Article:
During the day Thursday, reporters were saying an OPEC+ committee was recommending a new set of production increases to raise output by 2 MMBbl/d between August and December. Simultaneously, the committee recommended extending the framework of supply cuts to December of 2022 from its current expiration date of April 2022.
The market interpreted the news very positively. The potential deal would make much more certain the pace of production increases, and the supply growth is slower than what OPEC and other groups are expecting out of demand growth this year.
However, the United Arab Emirates delegation ended all the fun. Reports came out that UAE would reject the deal unless some demands were met. The effect is that they want to increase their own production by 700 MBbl/d over and above any OPEC+ plans. When the meeting ended on Friday, no deal had been struck, and the group planned to reconvene on the 5th.
Below, we outline some possible ramifications of several scenarios.
One main conclusion is that this changes the late-2022 supply-demand balance in only one way, in our estimation. It could bring some extra production from UAE. Otherwise, there is still a risk that OPEC supply would be exhausted by the end of the year next year, creating a potential very bullish scenario.
The effects of a deal-or-no-deal discussion are mostly short term, with effects through mid-2022.
If OPEC+ can’t reach a new deal, then supply may not keep up with demand this summer and the market would wrestle with greater undersupply. That is generally bullish.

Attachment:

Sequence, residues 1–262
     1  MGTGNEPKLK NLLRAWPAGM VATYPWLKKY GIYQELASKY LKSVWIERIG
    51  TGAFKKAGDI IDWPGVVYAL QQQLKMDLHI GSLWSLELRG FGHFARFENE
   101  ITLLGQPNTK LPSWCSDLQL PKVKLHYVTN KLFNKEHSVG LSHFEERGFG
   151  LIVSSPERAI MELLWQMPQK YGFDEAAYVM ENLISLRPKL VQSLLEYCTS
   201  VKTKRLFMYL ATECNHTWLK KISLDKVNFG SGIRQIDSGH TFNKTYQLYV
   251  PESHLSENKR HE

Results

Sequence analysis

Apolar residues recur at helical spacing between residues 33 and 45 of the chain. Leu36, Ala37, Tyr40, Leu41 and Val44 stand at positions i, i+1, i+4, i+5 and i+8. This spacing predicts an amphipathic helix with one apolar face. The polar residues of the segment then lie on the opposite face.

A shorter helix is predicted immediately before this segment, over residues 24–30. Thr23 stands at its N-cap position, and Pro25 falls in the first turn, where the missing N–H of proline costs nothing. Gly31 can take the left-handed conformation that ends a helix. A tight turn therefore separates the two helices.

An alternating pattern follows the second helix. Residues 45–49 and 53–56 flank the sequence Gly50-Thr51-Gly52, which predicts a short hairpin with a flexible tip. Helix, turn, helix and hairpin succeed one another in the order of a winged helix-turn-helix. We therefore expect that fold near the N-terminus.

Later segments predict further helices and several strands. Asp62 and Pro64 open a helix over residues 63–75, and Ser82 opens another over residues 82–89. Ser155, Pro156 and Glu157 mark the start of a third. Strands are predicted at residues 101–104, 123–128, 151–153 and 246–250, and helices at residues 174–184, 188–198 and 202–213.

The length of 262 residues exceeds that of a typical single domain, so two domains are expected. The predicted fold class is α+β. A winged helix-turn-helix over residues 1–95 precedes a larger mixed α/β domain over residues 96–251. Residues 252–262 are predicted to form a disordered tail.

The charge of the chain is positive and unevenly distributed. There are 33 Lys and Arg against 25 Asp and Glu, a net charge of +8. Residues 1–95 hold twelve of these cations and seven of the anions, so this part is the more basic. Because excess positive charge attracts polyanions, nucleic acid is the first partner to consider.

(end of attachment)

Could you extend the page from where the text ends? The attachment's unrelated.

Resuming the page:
However, if no deal is ever reached to extend the framework, then all OPEC’s spare capacity could arrive in April or May next year when the framework expires.
If UAE gets its way, then supply is gradually increased, but with an extra (up to) 700 MBbl/d kicker. It’s short-term bearish, especially if Iran’s production capacity can start to return this year, too.
But there are longer-term effects as well. If UAE's capacity has permanently increased, then it may take longer for demand growth to catch up with productiion capacity.
Last, we shouldn’t discount some of the behavioral effects of UAE’s demands. If OPEC+ acquiesces, what would stop other countries from demanding the same deal UAE got? Lack of consistency among the members seems like risking the entire framework itself. Such a breakdown could accelerate production additions, perhaps in advance of the April 2022 deal expiration.